Although articulated arm 116 is shown in FIG. 7 as being suspended from a ceiling, it will be recognized that other mounting configurations that provide for stable movement and positioning of magnet 12′ are also suitable. Also, it should be noted that other configurations of electromagnets that are effective in producing or emulating a multipolar magnetic field (i.e., one of more than 2 poles) may be used instead of the quadrupole example shown and described here. For example, an eight-pole electromagnet could be compactly formed from four coils wound in 90° pie-shaped sections assembled in a circular arrangement. However, absent special circumstances, a quadrupolar field should suffice for surgical applications. (It should be mentioned that a D-shaped section may be considered as a 180° pie-shaped section.)

An alternate construction of a permanent magnet useful in magnetic navigation is indicated generally as 500 in FIGS. 9-13. The magnet 500 has a front face 502 and a back face 504. The magnet 500 is specially constructed to provide a magnetic field F in a selected direction at a selected operating point 506 spaced from the front face 502 of the magnet. The operating point is at least about six inches (15.2 cm), and is preferably about eight inches (20.3 cm) from the front face. These distance appears to provide an appropriate balance between maximizing the strength of the magnetic field F at the operating point 506, and providing adequate room to translate and rotate the magnet 500 to magnetically navigate a medical device inside the patient's body, without impinging on the patient's body.

The front face 502 is preferably substantially flat to allow the magnet 500 to be positioned close to the patient, and to be translated and rotated without impinging on the patient. The back face 504 is generally curved, and preferably conforms substantially to a surface of constant contribution. A surface of constant contribution is the surface along which optimally aligned magnetic moments contribute equally to the magnetic field F. The actual shape of the back face 504 may vary insubstantially from the precise shape of the constant contribution surface, to make the manufacture of the surface easier, particularly in making and assembling the segmented construction of the magnet described more fully below. More specifically, the magnet may be comprised of a plurality of segments, and the segments at the back face may have flat faces (for manufacturing simplicity) that approximate the curved constant contribution contour or surface. A reason for shaping the back face 504 in accordance with the constant contribution surface is that this is the most weight and volume efficient way to maximize the magnetic field F at the operating point. It will always be more efficient from a weight and volume standpoint to add material inside a constant contribution surface, than to add material outside the constant contribution surface.

The magnet 500 is preferably divided into a plurality of segments of constant magnetization direction. Ideally, the magnet 500 would have a local magnetization direction at each point that maximizes this magnetic field F at the operating point 506. However such an ideal configuration would be difficult to practically obtain. Instead, the magnet is preferably divided into a number of segments of uniform magnetization. In accordance with one embodiment of the compound magnet of this invention, the magnet 500 is divided into segments, and the proper magnetization direction is determined for each segment. In accordance with an alternate embodiment of the magnet 500, the magnet is divided into segments of identical or similar magnetization direction.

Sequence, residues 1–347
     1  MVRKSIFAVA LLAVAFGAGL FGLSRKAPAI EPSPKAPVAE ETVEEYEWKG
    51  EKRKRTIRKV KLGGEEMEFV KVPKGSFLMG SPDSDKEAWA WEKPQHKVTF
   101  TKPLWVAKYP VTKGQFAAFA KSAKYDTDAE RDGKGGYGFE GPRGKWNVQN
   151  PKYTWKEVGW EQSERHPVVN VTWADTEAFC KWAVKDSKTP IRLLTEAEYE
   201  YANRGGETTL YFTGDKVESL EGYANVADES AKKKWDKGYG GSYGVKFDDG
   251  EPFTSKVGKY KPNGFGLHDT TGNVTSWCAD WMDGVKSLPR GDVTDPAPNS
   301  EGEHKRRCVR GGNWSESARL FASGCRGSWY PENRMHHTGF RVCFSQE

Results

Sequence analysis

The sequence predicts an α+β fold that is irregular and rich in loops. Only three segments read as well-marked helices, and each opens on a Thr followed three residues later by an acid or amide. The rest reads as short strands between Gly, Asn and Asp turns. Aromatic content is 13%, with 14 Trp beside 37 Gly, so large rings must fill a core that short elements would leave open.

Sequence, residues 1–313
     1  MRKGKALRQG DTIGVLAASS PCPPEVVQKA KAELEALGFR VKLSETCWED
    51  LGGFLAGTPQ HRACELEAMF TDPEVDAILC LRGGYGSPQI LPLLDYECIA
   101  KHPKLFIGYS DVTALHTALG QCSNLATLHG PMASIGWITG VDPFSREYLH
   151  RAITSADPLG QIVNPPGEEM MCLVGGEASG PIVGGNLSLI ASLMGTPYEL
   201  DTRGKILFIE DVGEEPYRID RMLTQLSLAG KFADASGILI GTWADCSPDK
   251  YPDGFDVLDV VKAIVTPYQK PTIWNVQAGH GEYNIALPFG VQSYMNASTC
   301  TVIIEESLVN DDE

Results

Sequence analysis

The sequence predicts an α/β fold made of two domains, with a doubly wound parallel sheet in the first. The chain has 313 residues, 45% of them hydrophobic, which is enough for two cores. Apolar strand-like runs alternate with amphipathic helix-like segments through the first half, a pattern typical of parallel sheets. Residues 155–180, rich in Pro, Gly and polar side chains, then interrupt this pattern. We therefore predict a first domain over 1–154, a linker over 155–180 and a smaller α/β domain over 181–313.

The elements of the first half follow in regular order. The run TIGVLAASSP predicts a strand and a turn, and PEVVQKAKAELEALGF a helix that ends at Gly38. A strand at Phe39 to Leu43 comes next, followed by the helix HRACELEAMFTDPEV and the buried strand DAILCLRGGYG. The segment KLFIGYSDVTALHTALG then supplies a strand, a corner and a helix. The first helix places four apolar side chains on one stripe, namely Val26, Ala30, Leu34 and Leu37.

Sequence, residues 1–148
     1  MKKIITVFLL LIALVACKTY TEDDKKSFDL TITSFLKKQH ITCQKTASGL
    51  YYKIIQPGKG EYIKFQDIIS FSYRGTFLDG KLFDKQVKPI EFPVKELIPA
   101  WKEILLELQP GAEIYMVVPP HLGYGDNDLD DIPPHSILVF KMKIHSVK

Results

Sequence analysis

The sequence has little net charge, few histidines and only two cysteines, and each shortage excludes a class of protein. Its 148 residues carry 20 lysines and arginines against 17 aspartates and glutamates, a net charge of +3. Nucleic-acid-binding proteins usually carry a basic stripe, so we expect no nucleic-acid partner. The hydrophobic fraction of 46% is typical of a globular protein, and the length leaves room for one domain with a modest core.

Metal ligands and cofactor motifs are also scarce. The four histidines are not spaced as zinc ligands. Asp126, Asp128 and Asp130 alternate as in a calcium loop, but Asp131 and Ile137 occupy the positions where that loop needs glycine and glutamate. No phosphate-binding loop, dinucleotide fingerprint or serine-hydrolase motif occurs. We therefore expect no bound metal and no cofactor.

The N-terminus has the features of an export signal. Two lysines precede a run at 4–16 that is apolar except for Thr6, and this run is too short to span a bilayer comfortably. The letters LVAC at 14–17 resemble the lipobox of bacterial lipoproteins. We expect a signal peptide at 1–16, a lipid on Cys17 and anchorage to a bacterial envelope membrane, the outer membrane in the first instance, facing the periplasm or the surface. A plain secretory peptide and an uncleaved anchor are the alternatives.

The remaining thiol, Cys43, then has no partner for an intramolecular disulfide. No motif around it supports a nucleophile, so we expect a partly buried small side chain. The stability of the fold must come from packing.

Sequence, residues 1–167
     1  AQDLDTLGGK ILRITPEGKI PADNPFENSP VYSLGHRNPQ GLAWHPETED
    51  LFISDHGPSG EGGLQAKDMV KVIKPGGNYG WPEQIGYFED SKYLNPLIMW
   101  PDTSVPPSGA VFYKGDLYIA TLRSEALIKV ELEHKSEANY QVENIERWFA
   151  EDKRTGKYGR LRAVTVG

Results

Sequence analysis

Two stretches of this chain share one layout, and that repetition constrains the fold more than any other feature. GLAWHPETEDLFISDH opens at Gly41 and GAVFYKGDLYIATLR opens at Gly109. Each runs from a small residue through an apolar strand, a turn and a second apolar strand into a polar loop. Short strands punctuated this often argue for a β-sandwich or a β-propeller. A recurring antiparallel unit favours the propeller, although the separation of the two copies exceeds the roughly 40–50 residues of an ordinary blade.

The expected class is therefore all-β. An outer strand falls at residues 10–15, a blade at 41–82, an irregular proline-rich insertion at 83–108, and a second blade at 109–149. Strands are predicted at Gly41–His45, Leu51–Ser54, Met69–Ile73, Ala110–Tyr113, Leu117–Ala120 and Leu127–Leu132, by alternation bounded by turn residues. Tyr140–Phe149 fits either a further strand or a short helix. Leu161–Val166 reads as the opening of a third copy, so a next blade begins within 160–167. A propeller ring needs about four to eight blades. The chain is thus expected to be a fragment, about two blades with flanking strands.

In the former case, the magnetization direction can be determined, for example, by determining the location of the center of mass of a segment, and determining the magnetization at the location of the center of mass that maximizes the magnetic field F at the operating point 506. Alternately, an average direction can be determined form the direction of maximum contribution at each point within the segment, and preferably this average can be weighted by the relative contribution of the magnetization direction at each point to the field F.

In the later case, various algorithms can be used to divide the magnet into segments of constant or near constant (i.e. that do not vary by more than a pre-determined threshold) direction of magnetization.

The ideal orientations of the directions of magnetization within the magnet is illustrated in FIG. 14, where the desired field F at the operating point is shown surrounded by a series of constant field strength curves C, with the local field directions indicated by arrows f. As shown in FIG. 15, the magnet 500 is constructed by selecting the desired distance between the operating point 506 and the front face 502 of the magnet. As shown in FIG. 15 the desired shape of the magnet 500 has the flat front face 502 (for accommodating translations and rotations while minimizing impacts with the patient), and a curved back face 504, which generally conforms to the curve of constant field strength, and which also represents lines of constant contribution to the desired magnetic field F. As shown in FIG. 16 the desired magnet shape is divided up into segments For manufacturing convenience the segments preferably have flat sides, and the flat sides forming the back face of the magnet approximate the constant contribution contour, although there will be some variance that increases as the size of the segments increases. As shown in FIG. 17, an appropriate uniform magnetization direction for the magnet segment is determined. As shown in FIG. 18 vertical cross-section of the magnet, the magnets are divided vertically and horizontally into segments.